TIGER WOODS: Well, it's going to favor someone who is hitting their driver or driving the ball long and straight, period. If you're not driving it well, you're going to have a tough time making pars. This golf course is a golf course in which you have to put the ball in play, but the holes are so long that you've got to get it out there. You can't just hit a ball out there 240 off the tee, whereas most courses that's okay. Here, you hit a ball 240 off the tee, you still have at least 200 in. The greens are so fast and so hard right now, it's going to be hard to make pars. You've got to get the ball out there, be aggressive and try and get the ball as far down there as possible by keeping it in play.
Q. Besides yourself, who is going to play that way?
TIGER WOODS: Anybody driving the ball long and straight, period. Because from there, you can attack.
Q. Do you think this tournament is going to lose something next year? When it's over with, you go to Valderrama to settle the money list, everything else?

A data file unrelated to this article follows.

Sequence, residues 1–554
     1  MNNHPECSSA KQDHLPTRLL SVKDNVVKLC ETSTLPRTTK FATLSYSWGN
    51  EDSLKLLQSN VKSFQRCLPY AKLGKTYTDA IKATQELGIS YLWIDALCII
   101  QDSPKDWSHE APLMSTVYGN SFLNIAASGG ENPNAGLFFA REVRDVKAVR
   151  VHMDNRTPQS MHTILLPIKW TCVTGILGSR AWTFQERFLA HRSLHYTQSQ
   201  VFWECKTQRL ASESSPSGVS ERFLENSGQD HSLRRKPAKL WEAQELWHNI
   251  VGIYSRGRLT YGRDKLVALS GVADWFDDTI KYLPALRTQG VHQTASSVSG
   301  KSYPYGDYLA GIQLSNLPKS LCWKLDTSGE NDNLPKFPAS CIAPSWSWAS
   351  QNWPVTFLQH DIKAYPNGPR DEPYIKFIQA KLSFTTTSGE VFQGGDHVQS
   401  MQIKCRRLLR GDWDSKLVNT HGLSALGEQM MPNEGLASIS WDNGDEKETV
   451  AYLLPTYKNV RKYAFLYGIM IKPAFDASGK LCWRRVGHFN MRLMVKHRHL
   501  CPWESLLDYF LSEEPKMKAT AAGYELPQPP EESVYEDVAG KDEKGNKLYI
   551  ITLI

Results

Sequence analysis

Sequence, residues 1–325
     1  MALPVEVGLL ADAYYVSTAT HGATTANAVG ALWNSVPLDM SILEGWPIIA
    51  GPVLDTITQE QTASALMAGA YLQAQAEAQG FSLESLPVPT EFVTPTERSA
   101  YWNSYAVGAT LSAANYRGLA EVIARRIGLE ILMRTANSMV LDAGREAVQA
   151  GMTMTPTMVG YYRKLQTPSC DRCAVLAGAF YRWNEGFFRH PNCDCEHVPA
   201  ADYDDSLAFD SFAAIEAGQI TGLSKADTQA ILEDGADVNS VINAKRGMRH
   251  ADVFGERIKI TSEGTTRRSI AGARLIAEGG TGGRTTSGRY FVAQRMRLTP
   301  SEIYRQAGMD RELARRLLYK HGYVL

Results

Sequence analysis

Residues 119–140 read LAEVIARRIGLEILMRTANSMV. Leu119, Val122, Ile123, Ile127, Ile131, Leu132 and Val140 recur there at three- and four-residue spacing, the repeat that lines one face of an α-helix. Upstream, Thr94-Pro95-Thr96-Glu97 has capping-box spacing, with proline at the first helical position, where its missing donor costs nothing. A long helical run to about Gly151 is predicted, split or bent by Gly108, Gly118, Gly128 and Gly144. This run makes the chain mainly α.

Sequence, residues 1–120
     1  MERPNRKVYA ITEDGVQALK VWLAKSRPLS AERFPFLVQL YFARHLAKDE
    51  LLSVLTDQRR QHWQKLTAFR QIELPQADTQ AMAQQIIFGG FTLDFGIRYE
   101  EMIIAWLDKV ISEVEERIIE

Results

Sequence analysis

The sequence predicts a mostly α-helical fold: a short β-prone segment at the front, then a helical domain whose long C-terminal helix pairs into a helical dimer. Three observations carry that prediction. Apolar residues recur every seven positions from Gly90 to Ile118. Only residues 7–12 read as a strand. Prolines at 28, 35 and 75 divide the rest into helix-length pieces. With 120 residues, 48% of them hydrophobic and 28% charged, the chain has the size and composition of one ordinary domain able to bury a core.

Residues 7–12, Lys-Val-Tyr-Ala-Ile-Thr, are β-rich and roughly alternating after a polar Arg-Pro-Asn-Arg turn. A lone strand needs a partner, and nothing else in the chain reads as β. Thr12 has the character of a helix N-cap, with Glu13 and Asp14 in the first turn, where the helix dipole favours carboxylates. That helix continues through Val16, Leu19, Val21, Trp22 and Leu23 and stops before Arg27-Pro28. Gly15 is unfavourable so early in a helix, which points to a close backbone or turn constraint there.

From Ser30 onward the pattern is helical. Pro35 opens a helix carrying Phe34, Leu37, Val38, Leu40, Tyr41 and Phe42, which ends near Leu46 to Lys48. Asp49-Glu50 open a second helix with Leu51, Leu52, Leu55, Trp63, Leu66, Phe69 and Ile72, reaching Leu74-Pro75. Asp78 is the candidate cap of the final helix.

TIGER WOODS: Is it going to lose something? Yeah, because our season's not over. There's another week added onto it, officially. Traditionally, I've always seen, from watching TV growing up, that this was always the last tournament of the year, when it was Nabisco, I think it was.
LEE PATTERSON: Then became THE TOUR Championship.
TIGER WOODS: Yeah, so I've always seen it growing up as the last event of the year. However you did at this tournament, that's it, you're done. But now it's merely a setup for the following week, where you have two big huge money tournaments in a row. We as players have never seen that before, so it will be interesting.